To edit means we have to have created something in the first place, and to edit means that we reconsider that creation – carefully – and determine what is most essential to its wholeness and purpose - and what is not, what is in fact cluttering it up, diminishing its strength and personality and point.

And telling any part of your garden, your house, your writing, your art that it’s not essential can be SOOOOOO HARD. Removing a living plant that is not working in a space, in a group – or deleting a favorite sentence, or changing a habit of convenience that maybe you’ve had for years and are attached to – these are not easy things to do, but they can and do clear the way for a better view, a better feel, and clearer understanding and path to progress on any front.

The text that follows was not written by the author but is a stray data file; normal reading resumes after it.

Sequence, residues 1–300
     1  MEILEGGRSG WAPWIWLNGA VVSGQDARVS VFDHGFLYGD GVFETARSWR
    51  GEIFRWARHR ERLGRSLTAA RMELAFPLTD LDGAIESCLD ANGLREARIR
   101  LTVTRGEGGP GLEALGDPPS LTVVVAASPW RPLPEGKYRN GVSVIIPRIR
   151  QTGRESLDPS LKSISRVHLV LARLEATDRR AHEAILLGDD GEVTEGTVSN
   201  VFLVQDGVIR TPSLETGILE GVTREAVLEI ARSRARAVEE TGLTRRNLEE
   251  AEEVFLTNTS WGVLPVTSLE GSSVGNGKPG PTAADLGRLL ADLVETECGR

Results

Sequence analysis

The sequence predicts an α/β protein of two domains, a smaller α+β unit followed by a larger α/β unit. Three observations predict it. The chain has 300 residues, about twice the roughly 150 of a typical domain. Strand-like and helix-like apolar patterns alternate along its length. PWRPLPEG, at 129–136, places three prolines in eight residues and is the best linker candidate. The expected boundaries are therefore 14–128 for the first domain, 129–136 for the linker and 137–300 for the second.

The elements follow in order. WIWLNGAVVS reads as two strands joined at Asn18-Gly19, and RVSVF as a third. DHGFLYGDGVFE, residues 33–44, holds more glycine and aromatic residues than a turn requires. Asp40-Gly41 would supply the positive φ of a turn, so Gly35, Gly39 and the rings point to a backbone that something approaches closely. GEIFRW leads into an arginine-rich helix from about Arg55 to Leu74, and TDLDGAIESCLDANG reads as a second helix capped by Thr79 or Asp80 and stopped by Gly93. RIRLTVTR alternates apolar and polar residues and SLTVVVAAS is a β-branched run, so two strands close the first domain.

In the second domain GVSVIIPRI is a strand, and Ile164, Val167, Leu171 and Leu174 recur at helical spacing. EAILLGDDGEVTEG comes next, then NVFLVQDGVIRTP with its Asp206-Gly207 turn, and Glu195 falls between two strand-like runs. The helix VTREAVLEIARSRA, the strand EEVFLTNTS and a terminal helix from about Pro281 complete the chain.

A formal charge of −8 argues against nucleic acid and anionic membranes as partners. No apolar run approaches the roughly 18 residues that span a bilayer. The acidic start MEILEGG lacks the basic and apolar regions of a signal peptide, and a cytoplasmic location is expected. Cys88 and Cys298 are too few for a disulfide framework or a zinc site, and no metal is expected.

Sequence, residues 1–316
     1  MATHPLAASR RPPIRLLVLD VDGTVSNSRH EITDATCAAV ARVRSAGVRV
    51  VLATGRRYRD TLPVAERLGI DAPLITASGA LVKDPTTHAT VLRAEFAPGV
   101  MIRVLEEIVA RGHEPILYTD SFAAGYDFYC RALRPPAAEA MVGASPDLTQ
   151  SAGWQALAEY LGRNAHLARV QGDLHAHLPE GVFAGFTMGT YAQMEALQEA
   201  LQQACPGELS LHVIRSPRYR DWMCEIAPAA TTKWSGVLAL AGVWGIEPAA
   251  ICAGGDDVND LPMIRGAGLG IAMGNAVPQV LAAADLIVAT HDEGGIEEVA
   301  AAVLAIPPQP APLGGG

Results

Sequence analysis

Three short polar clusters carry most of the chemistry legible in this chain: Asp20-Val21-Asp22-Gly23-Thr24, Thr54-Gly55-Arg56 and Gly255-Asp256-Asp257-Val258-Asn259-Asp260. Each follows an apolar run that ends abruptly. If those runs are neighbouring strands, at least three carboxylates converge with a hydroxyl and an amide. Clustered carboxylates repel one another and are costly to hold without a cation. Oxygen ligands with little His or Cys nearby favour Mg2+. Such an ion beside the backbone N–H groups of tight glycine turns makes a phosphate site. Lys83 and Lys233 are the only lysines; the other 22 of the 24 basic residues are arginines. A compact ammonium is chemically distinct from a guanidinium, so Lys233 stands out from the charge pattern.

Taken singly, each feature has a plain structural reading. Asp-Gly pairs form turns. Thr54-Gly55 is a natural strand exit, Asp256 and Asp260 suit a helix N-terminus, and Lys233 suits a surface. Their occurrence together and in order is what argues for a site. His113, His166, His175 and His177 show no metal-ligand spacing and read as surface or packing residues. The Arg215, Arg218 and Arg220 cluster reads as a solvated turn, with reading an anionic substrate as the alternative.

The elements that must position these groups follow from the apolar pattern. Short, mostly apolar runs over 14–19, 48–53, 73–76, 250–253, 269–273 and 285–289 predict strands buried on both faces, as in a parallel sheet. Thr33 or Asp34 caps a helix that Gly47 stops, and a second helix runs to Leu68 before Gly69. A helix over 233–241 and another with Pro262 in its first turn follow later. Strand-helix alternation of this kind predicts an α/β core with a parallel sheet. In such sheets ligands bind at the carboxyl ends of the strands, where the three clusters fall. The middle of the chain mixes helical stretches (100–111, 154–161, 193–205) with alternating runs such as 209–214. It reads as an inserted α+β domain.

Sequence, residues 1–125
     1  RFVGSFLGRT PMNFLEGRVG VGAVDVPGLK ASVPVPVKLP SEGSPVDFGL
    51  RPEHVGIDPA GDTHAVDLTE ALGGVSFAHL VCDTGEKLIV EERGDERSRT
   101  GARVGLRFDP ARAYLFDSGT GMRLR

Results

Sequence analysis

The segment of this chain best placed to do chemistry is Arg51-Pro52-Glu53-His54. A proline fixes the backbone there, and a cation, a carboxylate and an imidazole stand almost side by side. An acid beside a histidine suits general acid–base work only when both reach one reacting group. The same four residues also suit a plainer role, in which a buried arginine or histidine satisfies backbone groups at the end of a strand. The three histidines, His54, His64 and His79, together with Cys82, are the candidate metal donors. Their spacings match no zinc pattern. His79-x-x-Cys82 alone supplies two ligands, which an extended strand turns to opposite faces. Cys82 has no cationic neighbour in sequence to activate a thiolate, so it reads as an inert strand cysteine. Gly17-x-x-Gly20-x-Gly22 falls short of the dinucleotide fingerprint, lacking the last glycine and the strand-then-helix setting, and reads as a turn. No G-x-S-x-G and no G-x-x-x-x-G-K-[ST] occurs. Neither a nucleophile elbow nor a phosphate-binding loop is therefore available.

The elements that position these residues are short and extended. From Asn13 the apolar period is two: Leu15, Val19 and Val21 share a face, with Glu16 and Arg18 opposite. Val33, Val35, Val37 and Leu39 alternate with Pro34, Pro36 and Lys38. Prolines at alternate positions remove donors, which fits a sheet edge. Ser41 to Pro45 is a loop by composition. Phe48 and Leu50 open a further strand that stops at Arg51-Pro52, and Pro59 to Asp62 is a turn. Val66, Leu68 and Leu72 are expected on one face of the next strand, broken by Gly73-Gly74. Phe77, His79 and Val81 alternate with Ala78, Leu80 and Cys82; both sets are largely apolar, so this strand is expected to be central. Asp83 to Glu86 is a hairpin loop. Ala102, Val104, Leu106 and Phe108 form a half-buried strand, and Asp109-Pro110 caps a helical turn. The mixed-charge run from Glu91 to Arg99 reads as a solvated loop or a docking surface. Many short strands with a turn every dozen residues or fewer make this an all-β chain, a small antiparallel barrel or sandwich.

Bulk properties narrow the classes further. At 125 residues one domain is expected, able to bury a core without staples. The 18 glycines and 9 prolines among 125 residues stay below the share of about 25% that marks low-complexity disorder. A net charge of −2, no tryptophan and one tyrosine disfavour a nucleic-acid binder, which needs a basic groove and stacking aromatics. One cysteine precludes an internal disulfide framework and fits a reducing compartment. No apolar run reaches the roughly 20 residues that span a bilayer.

Because – as David mentions towards the end of the interview, we do not garden as a form of decoration, we garden as an urge and desire for interaction, which implies relationship.

And when you get a relationship down to its most essential – well – then you know where you stand. And you’re willing to stand up for something this clearly essential. Like all of our gardens.

The first next room - the essential nature of this mindset really shifted my thinking. I guess I consider the interface between house and garden from the outside, because that’s where I like to be. Outside. And that’s where the interface – from my seat – can be so jarringly dissonant – harsh – poorly thought out.